Most of my articles here at New Evangelizers have focused on apologetics: giving a logical and systematic defense and explanation of the faith. As a religion teacher, this has been the focus of my career, to remove the intellectual obstacles that my students have to understanding the Lord.
“Why is there a hell?” “Why do we have to go to Mass?” “How can we trust the Bible?”
Most of my efforts involves laying out the evidence and giving evidential or logical proofs for our beliefs. And I know that this is a proper thing to do because, as St. Thomas Aquinas constantly emphasized, our faith is rational. God is the author of Reason, and so Reason should give light to the Lord.
But, of course, we are more than rationality. We are not like Mr. Spock, devoid of all but logic. Christ does not only appeal to the mind, but to the heart. Most of our great conversions to the Lord might begin with reason. But the final push is almost always involves a metanoia or change of heart. We need the Holy Spirit to come into our hearts and light a fire.
But like any fire, it has to be fueled, stoked, and enkindled. And there are few way better to do this than music.
Here at New Evangelizers, Luciano Corbo wrote about he was caught up in a song and it filled him with exhilaration. When he looked up the lyrics, he felt sick.
The popular culture understands that music is a shortcut around our rational minds and it hits us directly in the heart. Music makes us feel. And a powerful piece of music can smuggle in pernitious ideas into our minds because we move seamlessly from the enjoyment of the sound to enjoyment of the idea.
I am not saying that listening to one song with a bad message will brainwash you. But constant repetition of these ideas chased down by exciting music will influence how we think and more importantly for this discussion, how we feel. That is music’s nature.
But we can also use music for a good end. It is difficult to sustain a constant state of emotional excitement for anything. We have our ups and our downs. But we know that the stronger our passions, the greater drive we have to work for and towards things. When I’m having fun at my job, I feel a great deal of energy to do the work. When I’m having a dull, difficult day, I have to drag myself into the classroom and use every ounce of energy just to give a mediocre performance.
It is no different than our spiritual life. We do not want a spirituality based purely on emotion. But you are foolish to think that emotion will not play an important part in this relationship. That is because emotion is an important part of all relationships. And music can help fire up our passions for the Lord.
Colleen Vermeulen wrote about how the beauty of Handel’s Messiah can raise our spirits to the transcendent beauty of the God. And this is true. All things that are truly beautiful gain their beauty from Beauty Itself (God). Dr. Peter Kreeft once said in his argument for God’s existence from beauty: “There is the music of Johann Sebastian Bach, therefore there is a God. You either get that argument or you don’t.”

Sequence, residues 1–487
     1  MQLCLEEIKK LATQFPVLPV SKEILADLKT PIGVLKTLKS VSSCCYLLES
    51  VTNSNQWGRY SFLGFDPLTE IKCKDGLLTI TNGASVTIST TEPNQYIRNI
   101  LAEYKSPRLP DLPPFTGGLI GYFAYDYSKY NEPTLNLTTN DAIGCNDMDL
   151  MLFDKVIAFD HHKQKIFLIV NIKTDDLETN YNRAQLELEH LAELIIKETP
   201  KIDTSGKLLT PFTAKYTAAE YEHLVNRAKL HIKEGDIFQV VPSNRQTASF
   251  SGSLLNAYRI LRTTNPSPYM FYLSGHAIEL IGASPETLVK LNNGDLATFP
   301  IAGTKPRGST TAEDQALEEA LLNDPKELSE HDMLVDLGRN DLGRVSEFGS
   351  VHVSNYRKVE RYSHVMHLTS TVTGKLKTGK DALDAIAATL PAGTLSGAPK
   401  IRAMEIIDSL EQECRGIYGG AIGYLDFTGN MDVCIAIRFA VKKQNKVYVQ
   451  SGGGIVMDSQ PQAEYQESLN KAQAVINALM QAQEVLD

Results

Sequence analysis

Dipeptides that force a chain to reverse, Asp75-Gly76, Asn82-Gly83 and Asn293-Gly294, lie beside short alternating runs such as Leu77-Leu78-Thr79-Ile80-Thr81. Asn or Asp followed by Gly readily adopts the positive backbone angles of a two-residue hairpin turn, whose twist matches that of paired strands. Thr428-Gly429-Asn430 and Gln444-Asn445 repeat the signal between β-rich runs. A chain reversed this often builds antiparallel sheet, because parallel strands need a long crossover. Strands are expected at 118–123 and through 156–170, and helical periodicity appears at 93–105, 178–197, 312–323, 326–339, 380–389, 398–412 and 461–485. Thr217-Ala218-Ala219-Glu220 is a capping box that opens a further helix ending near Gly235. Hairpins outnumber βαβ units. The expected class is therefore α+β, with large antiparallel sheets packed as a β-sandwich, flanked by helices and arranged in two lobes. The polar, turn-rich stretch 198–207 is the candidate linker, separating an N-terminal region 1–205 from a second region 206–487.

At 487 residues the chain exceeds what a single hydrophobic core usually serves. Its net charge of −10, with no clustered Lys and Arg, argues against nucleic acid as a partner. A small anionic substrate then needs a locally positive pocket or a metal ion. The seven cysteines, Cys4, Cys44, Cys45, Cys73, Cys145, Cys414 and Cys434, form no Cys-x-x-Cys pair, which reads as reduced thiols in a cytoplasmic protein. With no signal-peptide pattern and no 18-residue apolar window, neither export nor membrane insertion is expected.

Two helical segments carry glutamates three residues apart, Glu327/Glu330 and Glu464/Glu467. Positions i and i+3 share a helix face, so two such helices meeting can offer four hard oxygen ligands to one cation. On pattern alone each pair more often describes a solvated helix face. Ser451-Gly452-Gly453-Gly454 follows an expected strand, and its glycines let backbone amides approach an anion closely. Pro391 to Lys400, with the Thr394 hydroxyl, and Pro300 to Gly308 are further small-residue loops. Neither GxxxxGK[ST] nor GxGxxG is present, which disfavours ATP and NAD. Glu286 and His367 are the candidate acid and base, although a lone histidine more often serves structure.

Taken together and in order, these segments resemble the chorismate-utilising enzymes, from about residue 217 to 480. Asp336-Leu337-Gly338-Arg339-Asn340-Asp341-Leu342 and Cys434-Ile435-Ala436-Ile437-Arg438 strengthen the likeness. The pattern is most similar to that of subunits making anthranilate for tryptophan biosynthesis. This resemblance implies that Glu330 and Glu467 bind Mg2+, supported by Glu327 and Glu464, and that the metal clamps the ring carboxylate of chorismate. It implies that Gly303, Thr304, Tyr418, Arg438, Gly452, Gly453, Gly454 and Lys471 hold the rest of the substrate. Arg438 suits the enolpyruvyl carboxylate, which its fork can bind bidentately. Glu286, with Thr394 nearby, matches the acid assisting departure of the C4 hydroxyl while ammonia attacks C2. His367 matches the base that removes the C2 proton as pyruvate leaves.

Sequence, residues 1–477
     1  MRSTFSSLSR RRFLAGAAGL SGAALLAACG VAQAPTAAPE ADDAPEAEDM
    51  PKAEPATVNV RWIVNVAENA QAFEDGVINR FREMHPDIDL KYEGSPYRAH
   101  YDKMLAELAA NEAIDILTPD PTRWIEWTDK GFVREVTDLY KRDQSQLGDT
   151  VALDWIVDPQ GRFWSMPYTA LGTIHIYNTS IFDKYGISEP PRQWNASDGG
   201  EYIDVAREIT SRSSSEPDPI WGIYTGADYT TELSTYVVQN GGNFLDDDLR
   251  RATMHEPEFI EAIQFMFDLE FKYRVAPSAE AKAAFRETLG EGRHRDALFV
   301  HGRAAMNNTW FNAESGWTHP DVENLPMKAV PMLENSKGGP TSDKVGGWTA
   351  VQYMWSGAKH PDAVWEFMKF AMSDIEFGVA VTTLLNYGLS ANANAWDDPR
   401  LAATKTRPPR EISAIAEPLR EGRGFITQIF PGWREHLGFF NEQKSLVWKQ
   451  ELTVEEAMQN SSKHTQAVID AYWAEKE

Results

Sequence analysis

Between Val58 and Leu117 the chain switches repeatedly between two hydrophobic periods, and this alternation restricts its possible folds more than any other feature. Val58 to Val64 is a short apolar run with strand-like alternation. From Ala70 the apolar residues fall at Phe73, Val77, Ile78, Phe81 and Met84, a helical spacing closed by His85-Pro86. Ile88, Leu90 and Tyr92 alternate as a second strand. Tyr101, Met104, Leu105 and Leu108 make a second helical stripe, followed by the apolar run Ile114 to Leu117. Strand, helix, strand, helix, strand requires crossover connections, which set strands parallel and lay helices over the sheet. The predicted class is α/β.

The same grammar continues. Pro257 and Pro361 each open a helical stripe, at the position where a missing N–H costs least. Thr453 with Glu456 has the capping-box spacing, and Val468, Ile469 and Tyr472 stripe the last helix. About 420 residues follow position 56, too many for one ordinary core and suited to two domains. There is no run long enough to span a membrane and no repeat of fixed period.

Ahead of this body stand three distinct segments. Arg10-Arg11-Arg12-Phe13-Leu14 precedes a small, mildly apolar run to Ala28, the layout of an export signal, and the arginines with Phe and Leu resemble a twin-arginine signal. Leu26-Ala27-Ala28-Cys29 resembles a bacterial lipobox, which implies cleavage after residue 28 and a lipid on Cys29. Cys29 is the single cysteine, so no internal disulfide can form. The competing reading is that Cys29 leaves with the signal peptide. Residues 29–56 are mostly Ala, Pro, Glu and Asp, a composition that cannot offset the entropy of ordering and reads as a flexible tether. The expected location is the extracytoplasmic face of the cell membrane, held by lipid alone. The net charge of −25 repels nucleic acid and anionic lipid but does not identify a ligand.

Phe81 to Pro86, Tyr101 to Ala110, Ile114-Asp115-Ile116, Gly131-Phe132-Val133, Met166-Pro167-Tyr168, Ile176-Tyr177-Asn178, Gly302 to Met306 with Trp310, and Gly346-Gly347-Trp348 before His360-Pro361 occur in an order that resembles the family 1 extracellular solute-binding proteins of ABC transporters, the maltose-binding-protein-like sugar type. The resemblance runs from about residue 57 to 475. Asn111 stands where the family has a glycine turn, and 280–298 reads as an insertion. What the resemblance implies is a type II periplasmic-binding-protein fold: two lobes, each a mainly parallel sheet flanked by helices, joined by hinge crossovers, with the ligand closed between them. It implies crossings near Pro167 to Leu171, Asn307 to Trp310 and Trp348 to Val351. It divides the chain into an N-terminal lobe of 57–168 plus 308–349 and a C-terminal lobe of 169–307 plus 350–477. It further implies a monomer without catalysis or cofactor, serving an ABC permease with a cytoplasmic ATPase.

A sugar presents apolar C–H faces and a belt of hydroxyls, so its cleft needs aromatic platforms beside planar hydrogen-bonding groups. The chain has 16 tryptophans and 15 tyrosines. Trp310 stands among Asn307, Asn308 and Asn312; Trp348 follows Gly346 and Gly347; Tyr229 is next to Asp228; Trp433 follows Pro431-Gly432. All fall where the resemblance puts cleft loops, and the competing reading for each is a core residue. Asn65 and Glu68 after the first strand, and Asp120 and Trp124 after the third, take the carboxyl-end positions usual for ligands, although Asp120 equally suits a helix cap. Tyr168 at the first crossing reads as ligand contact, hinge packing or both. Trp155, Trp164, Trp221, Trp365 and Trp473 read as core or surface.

But not everything has to be of the classics. There is a subjective nature to the art of music. For some, classical choral and chant place them in a spiritual mood. For others, hearing Mozart or Bethoven will raise their thoughts to Heaven.
For me, I find contemporary Christian music especially helpful. After my conversion in the mid-90s, I fed my spirit with a steady diet of Jars of Clay, Third Day, and Rich Mullins.
Mullins particularly has been important in my life. Not only is his music beautifully written, his lyrics are hauntingly poetic. I often recommend “Hold Me Jesus” to people who have trouble praying. It is a song that reaches into you and lets Jesus love you. When I feel down and need inspiration to go on, I listen to Mullins’ “Sometimes by Step.” They lyrics “And on this road to righteousness, sometimes the climb can be so steep/ I may falter in my steps, but never beyond Your reach,” have sustained me through many struggles.
And I lift my voice in song with them. St. Augustine said “He who sings, prays twice.” As a fan of stage musicals, a critic once said that certain musicals fail because the writer does not understand why the characters are singing. They sing, he said, because there is no other way to express what they are feeling.
There are times when I am so caught up that I will spontaneously burst into song (though I am sane enough not to do so in public). Sometimes I feel so excited or sad or scared that I have to open my blistered heart to Jesus with music, because that is the only way I can express what is going on inside my soul.
You may say to yourself that turning to music is for people with a weak spirituality. If that is the case, then I gladly admit my weakness. I am not strong. I need all the help I can get. And so do most of us who have not yet ascended the mountain of saintliness.
And even if we make it up to the top of the mountain, I think that we will find music. And it will be a music higher and holier than any song on Earth.
But if we let Holy music touch us, it will be an arrow straight from God’s quiver to pierce our hardened hearts.
Copyright © 2013, W.L. Grayson